which is referred to as the explicit gradient descent update. In many settings, implicit updates are more stable and have better convergence properties compared to their explicit counterparts [Hassibi, Sayed, and Kailath1996, Kivinen, Warmuth, and Hassibi2006].
We first formulate the Krasulina and Oja updates as an online (un)projected gradient descent steps on the Stiefel manifold.
Using this observation, we derive a more implicit form for Krasulina’s update for the -PCA problem that avoids the orthonormality constraint and is strikingly simple.
We show that the new implicit Krasulina update actually amounts to an online EM step on a probabilistic -PCA model. This allows combining multiple -PCA models in a distributed setting using the recent framework of [Amid and Warmuth2019].
With an extensive set of experiments, we show that the implicit Krasulina update yields better convergence while being more stable w.r.t. the choice of initial learning rate. Furthermore, by avoiding the orthonormalization step and maintaining matrix pseudo-inverses instead, we achieve a much faster update. Further speedup can be achieved by running our algorithm in parallel and combining the results.
Many efficient solvers have been developed for the vanilla PCA problem (2) throughout the years. For a reasonable data size, one can find the exact solution by applying a truncated SVD solver on the empirical data covariance matrix. Randomized SVD solvers [Halko, Martinsson, and Tropp2011] and power methods [Golub and Van Loan2012] are common alternatives when the size of the dataset is larger. Online PCA solvers are desirable when the data comes in as a stream or when a full pass over the data may not be feasible due to the large size of the dataset. In general, the online algorithms iteratively perform the updates using a mini-batch of observations (commonly a single observation) at every round. Among the online algorithms, Oja’s update [Oja1982] and its variants are the most well-studied [Jain et al.2016, Allen-Zhu and Li2017]. Noticeably, Shamir [Shamir2015] showed exponential convergence on a variance reduced variant of Oja’s algorithm. However, the algorithm requires multiple passes over the data. On the other hand, a thorough convergence analysis of Krasulina’s algorithm and its extension to the -PCA problem is still lacking. A partial analysis was done recently in [Tang2019] where an exponential convergence was shown when the data covariance matrix has low rank. However, this assumption might be too restrictive in real-world scenarios. A lower expected rate of still holds for Krasulina’s -PCA update for high rank data [Balsubramani, Dasgupta, and Freund2013]. Other formulations for online PCA exploit the linearity of the objective (1) in by essentially maintaining a mixture of solutions for of rank as a capped density matrix [Warmuth and Kuzmin2008, Arora, Cotter, and Srebro2013]. This approach leads to algorithms with optimal regret bounds [Nie, Kotłowski, and Warmuth2016] but these algorithms are fundamentally less efficient than the incremental counterparts that aim to optimize . However, inspired by this approach of optimizing for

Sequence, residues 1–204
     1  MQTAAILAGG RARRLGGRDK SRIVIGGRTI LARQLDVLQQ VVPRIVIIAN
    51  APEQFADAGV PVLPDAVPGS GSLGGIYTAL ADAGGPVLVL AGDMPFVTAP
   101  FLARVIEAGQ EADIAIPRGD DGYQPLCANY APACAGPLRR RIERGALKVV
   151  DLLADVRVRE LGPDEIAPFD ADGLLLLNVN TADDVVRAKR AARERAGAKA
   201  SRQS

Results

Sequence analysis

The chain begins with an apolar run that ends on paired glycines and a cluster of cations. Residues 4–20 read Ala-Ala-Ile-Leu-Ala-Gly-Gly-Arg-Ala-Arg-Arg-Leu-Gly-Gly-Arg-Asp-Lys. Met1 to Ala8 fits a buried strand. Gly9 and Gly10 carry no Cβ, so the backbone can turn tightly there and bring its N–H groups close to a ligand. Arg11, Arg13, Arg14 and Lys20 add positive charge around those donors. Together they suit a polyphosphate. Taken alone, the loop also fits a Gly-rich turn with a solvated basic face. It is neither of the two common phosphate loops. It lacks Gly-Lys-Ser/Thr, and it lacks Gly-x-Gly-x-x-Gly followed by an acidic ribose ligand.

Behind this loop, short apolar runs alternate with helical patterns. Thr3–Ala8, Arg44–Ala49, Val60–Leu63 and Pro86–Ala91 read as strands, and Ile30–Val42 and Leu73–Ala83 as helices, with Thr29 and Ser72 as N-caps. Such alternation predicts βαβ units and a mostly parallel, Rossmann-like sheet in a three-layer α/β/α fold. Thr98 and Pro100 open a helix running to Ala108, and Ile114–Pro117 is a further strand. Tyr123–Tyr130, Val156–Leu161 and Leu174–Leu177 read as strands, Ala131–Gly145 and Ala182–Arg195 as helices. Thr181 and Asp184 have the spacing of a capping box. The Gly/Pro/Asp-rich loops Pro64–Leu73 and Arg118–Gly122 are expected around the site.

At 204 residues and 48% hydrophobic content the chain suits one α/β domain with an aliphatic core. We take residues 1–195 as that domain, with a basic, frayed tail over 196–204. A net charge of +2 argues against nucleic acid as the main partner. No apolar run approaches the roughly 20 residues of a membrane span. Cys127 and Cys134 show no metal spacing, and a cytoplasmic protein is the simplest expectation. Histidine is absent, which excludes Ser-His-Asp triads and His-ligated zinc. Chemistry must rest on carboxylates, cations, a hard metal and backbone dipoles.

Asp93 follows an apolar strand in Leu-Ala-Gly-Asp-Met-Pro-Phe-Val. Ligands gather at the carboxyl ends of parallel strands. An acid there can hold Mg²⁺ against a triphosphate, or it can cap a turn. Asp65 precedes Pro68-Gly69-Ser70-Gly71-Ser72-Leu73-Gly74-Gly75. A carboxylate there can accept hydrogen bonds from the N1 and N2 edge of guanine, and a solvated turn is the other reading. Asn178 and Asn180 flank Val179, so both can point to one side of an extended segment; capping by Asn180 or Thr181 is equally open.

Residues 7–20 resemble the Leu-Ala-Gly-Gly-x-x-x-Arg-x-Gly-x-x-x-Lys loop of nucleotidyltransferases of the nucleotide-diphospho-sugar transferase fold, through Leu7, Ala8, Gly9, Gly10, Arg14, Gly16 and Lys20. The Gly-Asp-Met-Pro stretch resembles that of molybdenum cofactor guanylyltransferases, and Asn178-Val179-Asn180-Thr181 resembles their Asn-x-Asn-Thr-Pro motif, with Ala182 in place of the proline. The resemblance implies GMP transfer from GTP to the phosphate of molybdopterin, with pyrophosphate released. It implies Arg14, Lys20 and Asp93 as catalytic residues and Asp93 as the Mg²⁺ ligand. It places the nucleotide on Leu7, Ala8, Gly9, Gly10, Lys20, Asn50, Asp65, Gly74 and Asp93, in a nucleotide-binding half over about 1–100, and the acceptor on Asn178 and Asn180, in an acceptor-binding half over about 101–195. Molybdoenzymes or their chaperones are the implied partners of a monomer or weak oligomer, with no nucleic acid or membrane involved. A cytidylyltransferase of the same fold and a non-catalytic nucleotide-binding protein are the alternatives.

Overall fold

, an incremental heuristic method has been developed[Arora et al.2012] that gives reasonable experimental convergence, but again suffers from high computational cost for the updates.
Quadratic Program on the Stiefel Manifold